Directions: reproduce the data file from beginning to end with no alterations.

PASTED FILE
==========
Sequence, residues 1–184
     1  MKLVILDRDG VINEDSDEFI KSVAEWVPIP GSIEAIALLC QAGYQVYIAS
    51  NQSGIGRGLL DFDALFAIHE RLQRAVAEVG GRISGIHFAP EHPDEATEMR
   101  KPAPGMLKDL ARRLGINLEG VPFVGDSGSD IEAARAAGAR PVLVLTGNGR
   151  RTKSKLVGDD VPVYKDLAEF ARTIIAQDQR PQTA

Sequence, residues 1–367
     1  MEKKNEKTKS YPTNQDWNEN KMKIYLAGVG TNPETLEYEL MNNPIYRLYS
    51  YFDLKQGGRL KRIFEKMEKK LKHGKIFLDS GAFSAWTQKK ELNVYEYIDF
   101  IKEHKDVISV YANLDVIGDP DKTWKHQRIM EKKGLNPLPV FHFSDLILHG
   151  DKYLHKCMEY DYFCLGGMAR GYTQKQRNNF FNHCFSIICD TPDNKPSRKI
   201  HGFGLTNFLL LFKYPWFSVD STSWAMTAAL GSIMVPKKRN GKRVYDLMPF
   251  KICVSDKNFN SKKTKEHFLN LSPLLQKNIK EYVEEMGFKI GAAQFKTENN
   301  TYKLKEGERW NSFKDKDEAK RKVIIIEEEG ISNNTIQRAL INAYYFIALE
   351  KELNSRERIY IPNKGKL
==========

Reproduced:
Sequence, residues 1–184
     1  MKLVILDRDG VINEDSDEFI KSVAEWVPIP GSIEAIALLC QAGYQVYIAS
    51  NQSGIGRGLL DFDALFAIHE RLQRAVAEVG GRISGIHFAP EHPDEATEMR
   101  KPAPGMLKDL ARRLGINLEG VPFVGDSGSD IEAARAAGAR PVLVLTGNGR
   151  RTKSKLVGDD VPVYKDLAEF ARTIIAQDQR PQTA

Sequence, residues 1–367
     1  MEKKNEKTKS YPTNQDWNEN KMKIYLAGVG TNPETLEYEL MNNPIYRLYS
    51  YFDLKQGGRL KRIFEKMEKK LKHGKIFLDS GAFSAWTQKK ELNVYEYIDF
   101  IKEHKDVISV YANLDVIGDP DKTWKHQRIM EKKGLNPLPV FHFSDLILHG
   151  DKYLHKCMEY DYFCLGGMAR GYTQKQRNNF FNHCFSIICD TPDNKPSRKI
   201  HGFGLTNFLL LFKYPWFSVD STSWAMTAAL GSIMVPKKRN GKRVYDLMPF
   251  KICVSDKNFN SKKTKEHFLN LSPLLQKNIK EYVEEMGFKI GAAQFKTENN
   301  TYKLKEGERW NSFKDKDEAK RKVIIIEEEG ISNNTIQRAL INAYYFIALE
   351  KELNSRERIY IPNKGKL